Lately, I’ve been working on a surprising number of projects for other people. Usually I have a strict policy of only knitting for specific people.
The few. The proud. The knitworthy.
But what makes a person “knitworthy?”
First and foremost, the recipient must be appreciative of the item given. Not just the finished object, but of the time and effort it represents. Knitworthy people don’t blanche at the idea of paying $25 for a handknit hat, because they know that the intricate cable pattern took over 8 hours to produce.
They are thrilled to receive a handmade gict, and will treasure it accordingly. The knitted object will have found a home where it will be useful, worn for years to come, rather than relegated to the back of the closet or added to the charity bin when the new spring fashions come out.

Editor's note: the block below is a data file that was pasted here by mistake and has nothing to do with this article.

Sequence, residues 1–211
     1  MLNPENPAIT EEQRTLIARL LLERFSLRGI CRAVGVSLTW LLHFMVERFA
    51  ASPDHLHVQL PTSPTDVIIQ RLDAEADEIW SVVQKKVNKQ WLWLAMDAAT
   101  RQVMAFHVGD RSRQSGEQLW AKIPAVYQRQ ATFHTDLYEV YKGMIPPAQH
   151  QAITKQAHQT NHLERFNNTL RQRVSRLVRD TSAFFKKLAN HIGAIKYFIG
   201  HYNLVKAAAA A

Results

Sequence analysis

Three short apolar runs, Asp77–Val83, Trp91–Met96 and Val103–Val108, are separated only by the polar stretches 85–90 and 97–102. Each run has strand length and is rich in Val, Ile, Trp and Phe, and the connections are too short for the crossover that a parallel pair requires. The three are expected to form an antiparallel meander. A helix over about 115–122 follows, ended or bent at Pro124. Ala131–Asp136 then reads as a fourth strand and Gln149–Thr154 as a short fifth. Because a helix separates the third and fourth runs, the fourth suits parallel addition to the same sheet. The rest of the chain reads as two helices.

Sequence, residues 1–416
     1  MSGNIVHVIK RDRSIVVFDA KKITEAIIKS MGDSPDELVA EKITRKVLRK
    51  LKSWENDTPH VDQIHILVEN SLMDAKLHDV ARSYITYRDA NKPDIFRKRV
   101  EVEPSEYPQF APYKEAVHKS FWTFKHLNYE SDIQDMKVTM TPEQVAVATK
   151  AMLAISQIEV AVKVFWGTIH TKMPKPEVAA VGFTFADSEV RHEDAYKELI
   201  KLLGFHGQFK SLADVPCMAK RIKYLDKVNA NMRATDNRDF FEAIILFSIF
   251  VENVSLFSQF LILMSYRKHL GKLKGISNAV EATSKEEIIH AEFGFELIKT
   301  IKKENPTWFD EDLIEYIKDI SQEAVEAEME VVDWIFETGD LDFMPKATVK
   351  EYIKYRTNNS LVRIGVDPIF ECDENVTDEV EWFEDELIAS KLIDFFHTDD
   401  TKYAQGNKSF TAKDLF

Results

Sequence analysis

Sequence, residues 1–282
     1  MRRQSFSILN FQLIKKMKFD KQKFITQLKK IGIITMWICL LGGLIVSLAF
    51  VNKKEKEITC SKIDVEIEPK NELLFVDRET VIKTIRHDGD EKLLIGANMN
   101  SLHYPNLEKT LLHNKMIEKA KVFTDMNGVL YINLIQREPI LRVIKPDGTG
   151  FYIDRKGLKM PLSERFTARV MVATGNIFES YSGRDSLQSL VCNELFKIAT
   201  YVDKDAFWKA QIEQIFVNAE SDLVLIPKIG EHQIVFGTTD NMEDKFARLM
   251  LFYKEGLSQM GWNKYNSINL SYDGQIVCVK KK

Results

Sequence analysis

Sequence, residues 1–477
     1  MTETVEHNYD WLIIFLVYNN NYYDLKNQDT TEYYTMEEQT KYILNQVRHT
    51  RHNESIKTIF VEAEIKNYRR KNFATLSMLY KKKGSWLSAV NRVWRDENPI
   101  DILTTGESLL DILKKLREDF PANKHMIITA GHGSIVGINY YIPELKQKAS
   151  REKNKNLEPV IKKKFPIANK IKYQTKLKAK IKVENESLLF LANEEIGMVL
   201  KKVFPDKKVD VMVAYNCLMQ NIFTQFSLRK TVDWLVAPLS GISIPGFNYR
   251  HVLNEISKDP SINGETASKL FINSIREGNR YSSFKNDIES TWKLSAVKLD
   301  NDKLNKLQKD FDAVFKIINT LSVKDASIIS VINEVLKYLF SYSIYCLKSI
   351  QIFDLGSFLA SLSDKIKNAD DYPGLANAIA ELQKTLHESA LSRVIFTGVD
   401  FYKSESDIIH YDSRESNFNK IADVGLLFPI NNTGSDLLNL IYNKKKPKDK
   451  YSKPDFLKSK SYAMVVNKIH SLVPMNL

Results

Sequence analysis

Finally, a knitworthy person is someone who has the willingness to care for a handmade item, to ensure that it will stand the test of time–proper washing and storing, etc. This is one of the reasons I don’t usually knit for kids.
Over the course of the past year, however, I’ve gotten some requests from people who previously did not show any interest or appreciation for my crafting. In an attempt to build bridges, I’m working on a few small projects for these individuals–a cowl, a simple hat. Where these objects are a year from now will determine if the recipients are on my naughty or nice lists next Christmas.